Hayes, Christine (2012-10-30). Introduction to the Bible (The Open Yale Courses Series) (Kindle Locations 5787-5797). Yale University Press. Kindle Edition.
Am I correct that Christine Hayes teaches there is not sufficient Scriptural reason to believe there is an afterlife? Is she only suggesting there is Scriptural reason to not believe in the afterlife? Well, there were scholars then and are scholars now who agree with her. For instance, the Sadducees evidently did not believe in an afterlife, because they did not believe in a resurrection (Acts 23:8). My guess is that is why the Sadducees were sad, you see.
Not at all sure, though, why she thinks Open Theism and a non belief in the afterlife are related. Why did she put them both in the same sentence? One can believe in Open Theism, I do, and also believe in the afterlife.
So, I agree, there is historical and textual evidence to support the points that Christine Hayes makes. And she has a PHD and is a professor at a prestigious university. That does not make her right. I have 2 brothers, both professors at a quite prestigious university with page after google page of accomplishments and publications. And, there are not two people in the world with whom I have disagreed more.
Although thank you for introducing what Christine Hayes has to say. It is always best to read those with whom one disagrees.
Regardless of the Old Testament meaning of Sheol, and regardless of certain passages in Ecclesiastes, the Bible, taken as a whole, in my opinion, absolutely and certainly teaches there is an afterlife and we should look forward to and expect to be held accountable. There will be punishments (discipline?) and rewards.
//My guess is that is why the Sadducees were sad, you see.
Hayes never claims to be a Christian. She is just an Old Testament scholar. She believes the Old Testament does not feature an eternal judgement.She thinks that is a first century construct.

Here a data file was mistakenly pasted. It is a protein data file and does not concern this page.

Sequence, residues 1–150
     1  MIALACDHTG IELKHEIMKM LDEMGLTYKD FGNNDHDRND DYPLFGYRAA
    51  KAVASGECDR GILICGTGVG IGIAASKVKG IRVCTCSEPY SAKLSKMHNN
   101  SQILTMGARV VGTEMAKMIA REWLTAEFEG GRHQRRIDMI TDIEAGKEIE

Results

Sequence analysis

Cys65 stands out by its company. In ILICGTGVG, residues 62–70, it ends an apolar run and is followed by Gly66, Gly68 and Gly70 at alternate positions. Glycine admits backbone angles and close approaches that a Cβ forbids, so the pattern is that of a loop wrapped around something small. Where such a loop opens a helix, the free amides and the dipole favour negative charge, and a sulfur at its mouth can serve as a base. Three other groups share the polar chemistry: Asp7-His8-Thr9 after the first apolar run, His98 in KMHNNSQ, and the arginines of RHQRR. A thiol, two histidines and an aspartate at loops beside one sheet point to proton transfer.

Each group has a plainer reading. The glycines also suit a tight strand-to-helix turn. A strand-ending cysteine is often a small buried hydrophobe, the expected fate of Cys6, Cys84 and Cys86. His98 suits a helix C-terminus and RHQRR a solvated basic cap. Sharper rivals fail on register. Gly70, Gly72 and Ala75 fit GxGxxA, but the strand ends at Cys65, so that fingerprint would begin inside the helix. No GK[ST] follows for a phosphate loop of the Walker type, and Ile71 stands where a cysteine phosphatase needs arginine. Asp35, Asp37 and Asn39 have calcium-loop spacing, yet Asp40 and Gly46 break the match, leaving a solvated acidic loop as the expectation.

She is good to quote because she tries not to bring biases into the text and wishes to reconstruct Old Testament theology. She attempts to have her students accept a face value reading of the text and set aside later theology that is forced onto the text (such as the platonic concepts of an omniscient god).
Being a scholar does not make one right, but it does make one’s position worth considering and only rejecting with clear evidence.
Hayes was referring to the Hebrew Bible/Tanakh in her lectures, not the New Testament and she is correct, there is no reference to a Hell/Heaven system in the Tanakh.
“….whatever it is in one’s power to do must be done with all one’s might, because there is only this single, brief chance. Eternal unlimited life with endless opportunities to act would make any single act meaningless.”
The above quote is precisely what is believed by those who believe in materialism. It is said to be a brave, realistic, even an optimistic expression of the cold truth. It is not. It is just sad. As the song goes “If that’s all there is…”
No, eternal life does not make our life on this earth meaningless. The exact opposite is the truth.
May I ask, what is your point in quoting Christine Hayes? Surely you do not agree with her? Is your point to offer her ideas for others to simply consider?
The OP is great because with what dismissal she rejects Christians who want to impose of Yahweh such ideas such as immutability. It is just a fact that immutability is not compatible with the God of the Bible. The Bible has God changing His mind throughout the text, and to say otherwise takes serious cognitive dissidence.
Watching the video of the lecture is even better, to hear her tone of voice.
Hayes would probably not object that the New Testament depicts a Heaven and Hell. Open Theists, as a group, mostly affirm a Heaven and Hell paradigm. But there are other views. I am a Kingdom theologian (similar to NT Wright). And I know some annihilationists. It is a point of interest, but is not crucial to Open Theism.
I have now read enough of Christine Hayes to know that I agree with a great deal of what she says. She does understand certain things about the Bible that the majority of Christians do not realize.
However, she is an atheist, which means she does not yet know the most important of all facts in the universe – that God really, truly, and actually does exist. It continually amazes me when extremely intelligent people do not realize there is a God. There is overwhelming proof that God exists, and it is also just plainly obvious.
Exactly how I feel.